Metropolitan Business Planning in U.S. Regions: Seattle-Puget Sound

Catalyzing the regional energy efficiency cluster to stay ahead

Population in 2010: 3,459,231 • Employment in 2010: 1,725,377
Gross Value Added (GVA) per person in 2007: $49,048

The Seattle-Puget Sound region remains one of America’s most economically competitive, but continued prosperity will require metro leaders to expand beyond the area’s current industry base to drive future growth.

The four-county Seattle-Puget Sound region in America’s Pacific Northwest is anchored by cities, such as Seattle, Tacoma, and Bellevue. It is home to a globally connected, diverse, dynamic, and knowledge-intensive economy that, in 2008, registered at $187 billion (expressed as 2000 dollars). The region’s current industry profile—developed over decades in information technology, aerospace, clean energy, and life sciences—has propelled excellent job growth and export intensity in recent years. Yet, various regional industries, including historic mainstays—such as forest products and fisheries, and even today’s top-performers, such as IT and aerospace—have not generated strong productivity, and in some cases job, growth over the past decade. Seattle-Puget Sound’s continued economic prosperity may therefore need to come from new, different sources of growth in the future.

To boost future prospects, Seattle-Puget Sound is using the metropolitan business planning process to strategically target the growth of its energy efficiency industry.

Out of approximately 22,900 cleantech jobs currently in Seattle-Puget Sound, 40 percent are already in fields related to building energy efficiency (EE), spanning all major industry aspects from design and components to energy services. The Puget Sound Regional Council, the region’s metropolitan planning organization and regional economic development entity, views this existing strong industry concentration as a major economic development opportunity. For that reason, it has convened a wide cross-section of local government, business, trade association, venture capital, utility, research, and civic leaders to engage in the metropolitan business planning. Together, after 11 months of intense consultation, deep market analysis, and program design, they have settled on a strategy for turning the region’s existing energy efficiency cluster into a leading export sector and key source of job growth to ultimately benefit overall regional innovation, entrepreneurship, and global competitiveness. Motivating these stakeholders are projections estimating that the U.S. EE market alone will expand to $700 billion by 2030; recognition that the region possesses strong competencies in related fields like IT and green building; and a shared desire to stake a claim as the world’s leading EE services hub.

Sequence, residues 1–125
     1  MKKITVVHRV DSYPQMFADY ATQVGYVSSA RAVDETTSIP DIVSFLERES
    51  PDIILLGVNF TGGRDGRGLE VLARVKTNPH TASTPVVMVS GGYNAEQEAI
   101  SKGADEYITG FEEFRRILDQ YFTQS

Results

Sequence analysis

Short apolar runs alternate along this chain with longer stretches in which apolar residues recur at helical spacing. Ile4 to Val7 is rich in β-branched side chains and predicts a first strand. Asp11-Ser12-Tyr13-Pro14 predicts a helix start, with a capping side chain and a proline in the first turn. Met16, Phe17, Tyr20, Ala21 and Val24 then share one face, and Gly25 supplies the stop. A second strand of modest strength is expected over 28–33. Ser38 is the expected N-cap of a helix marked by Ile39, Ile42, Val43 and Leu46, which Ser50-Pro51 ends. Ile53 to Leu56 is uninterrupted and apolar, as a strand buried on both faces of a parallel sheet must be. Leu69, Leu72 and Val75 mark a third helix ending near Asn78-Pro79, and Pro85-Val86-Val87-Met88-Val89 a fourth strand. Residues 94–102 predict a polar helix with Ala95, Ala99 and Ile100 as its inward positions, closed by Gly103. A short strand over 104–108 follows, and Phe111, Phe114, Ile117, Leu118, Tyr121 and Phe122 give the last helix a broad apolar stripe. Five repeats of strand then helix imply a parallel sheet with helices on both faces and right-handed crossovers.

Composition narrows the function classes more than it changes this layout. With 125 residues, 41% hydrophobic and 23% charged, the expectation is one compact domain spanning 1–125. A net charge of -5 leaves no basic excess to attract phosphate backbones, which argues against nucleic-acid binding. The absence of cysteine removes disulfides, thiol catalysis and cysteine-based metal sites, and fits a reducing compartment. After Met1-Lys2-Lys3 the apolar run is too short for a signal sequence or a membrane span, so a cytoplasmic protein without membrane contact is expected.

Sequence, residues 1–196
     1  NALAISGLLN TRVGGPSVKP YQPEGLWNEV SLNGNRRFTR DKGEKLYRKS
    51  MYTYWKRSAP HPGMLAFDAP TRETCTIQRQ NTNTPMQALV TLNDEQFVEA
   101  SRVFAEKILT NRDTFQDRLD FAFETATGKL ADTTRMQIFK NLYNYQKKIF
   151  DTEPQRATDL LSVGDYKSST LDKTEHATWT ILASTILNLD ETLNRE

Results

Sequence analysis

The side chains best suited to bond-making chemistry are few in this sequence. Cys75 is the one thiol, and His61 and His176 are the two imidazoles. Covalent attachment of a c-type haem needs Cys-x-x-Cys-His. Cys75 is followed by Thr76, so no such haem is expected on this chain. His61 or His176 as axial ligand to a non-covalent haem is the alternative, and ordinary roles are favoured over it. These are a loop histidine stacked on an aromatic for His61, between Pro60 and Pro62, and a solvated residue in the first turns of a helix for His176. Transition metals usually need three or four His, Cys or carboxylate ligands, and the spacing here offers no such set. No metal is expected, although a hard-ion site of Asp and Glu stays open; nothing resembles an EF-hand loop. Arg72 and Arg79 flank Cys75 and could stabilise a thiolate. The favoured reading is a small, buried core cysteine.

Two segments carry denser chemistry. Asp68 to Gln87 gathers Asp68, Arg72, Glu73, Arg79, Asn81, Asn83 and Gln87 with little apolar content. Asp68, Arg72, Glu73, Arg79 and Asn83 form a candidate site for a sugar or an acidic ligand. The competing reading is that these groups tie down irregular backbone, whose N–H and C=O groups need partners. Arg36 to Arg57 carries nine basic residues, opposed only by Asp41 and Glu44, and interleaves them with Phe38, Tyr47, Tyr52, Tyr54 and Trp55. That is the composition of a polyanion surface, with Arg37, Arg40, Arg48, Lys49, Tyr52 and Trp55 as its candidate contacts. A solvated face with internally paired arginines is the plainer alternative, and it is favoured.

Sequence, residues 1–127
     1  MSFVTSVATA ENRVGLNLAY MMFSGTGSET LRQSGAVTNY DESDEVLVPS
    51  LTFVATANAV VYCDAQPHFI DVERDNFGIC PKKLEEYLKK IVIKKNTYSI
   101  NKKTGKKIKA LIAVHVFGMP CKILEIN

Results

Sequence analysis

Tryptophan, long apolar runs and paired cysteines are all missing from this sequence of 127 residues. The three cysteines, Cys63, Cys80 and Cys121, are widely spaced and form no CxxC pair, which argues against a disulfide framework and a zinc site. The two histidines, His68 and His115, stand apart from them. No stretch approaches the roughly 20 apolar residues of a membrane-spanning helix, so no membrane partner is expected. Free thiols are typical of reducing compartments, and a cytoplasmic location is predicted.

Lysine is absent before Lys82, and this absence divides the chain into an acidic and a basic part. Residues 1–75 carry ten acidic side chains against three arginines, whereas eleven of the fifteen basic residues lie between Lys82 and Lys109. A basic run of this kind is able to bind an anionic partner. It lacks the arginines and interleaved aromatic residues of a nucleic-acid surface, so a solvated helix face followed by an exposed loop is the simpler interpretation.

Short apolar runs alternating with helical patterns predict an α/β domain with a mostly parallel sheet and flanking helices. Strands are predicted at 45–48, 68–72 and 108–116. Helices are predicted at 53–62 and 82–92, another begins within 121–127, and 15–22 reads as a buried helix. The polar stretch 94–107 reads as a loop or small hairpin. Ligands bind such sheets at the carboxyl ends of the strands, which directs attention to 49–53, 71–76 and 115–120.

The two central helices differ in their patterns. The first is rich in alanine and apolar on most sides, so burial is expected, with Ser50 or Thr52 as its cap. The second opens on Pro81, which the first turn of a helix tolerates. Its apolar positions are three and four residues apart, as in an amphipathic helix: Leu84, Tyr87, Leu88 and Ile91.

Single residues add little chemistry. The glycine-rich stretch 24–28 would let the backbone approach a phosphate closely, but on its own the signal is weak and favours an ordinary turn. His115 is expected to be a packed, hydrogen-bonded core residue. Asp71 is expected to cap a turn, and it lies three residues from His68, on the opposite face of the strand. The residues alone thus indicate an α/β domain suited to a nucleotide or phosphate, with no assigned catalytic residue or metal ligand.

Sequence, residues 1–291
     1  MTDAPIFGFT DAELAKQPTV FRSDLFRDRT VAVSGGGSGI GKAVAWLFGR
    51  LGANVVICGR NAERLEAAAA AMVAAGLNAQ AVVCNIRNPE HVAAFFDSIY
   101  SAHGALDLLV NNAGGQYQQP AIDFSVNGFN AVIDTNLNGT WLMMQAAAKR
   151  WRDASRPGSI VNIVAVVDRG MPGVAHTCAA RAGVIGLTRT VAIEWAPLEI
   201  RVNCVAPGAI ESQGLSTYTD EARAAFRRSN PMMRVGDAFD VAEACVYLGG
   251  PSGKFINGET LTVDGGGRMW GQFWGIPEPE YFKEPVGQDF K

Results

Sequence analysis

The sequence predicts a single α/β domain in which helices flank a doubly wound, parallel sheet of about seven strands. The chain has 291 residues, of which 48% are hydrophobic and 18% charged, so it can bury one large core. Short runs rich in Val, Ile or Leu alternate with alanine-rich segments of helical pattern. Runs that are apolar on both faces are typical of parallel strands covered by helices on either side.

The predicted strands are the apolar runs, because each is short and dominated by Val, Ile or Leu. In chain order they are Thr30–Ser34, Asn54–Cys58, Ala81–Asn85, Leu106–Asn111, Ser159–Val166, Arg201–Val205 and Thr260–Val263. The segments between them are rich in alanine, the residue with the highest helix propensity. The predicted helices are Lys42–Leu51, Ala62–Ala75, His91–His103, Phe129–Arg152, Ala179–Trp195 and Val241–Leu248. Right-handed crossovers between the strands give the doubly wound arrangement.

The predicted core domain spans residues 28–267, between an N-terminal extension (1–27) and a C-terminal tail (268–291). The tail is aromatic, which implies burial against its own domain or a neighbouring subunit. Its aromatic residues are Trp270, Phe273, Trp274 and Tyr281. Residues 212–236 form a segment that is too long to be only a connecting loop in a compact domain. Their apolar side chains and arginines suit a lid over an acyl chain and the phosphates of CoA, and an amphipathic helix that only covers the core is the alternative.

Seattle-Puget Sound’s major catalytic initiative—the proposed Building Energy Efficiency Testing and Integration Center and Demonstration Network (BETI)—will help catalyze the growth of the region’s EE cluster.

EE innovators in Seattle-Puget Sound (and elsewhere) face a challenge in commercializing new products and services because they have not sufficiently satisfied market demands for the testing, demonstration, and verification of new technologies in an integrated fashion. BETI—a project now articulated in dozens of pages of market analysis, well-defined operational ideas, and complete financials—will address this barrier to EE innovation. To do this, it will provide entrepreneurs and firms in Seattle-Puget Sound physical space in lab and real world settings to test, verify, and integrate promising products and services, as well as opportunities to connect to other resources for business, commercialization, export, and regulatory assistance. Through its suite of services, BETI will help alleviate some EE investor and buyer risks and take advantage of market trends to commercialize new products, grow customer bases, increase market penetration, and ultimately spur regional business growth and attraction to brand Seattle-Puget Sound as the leading regional EE hub.

With detailed plans now in place, the Seattle-Puget Sound metropolitan business planning team is currently engaging with federal and state government leaders and other public, private, and civic stakeholders to form partnerships, seek funding, and advocate for specific policy reforms to get BETI off the ground and support successful implementation and operations in the future. Recently, the State of Washington’s Clean Energy Leadership Council completed a comprehensive clean energy economic development strategy that identifies the BETI approach as one of the state’s top opportunities for clean energy innovation. Already a “horizontal” regional partnership of governments and the private sector is moving to work “bottom-up” to make BETI—and transformation in the EE sector—real.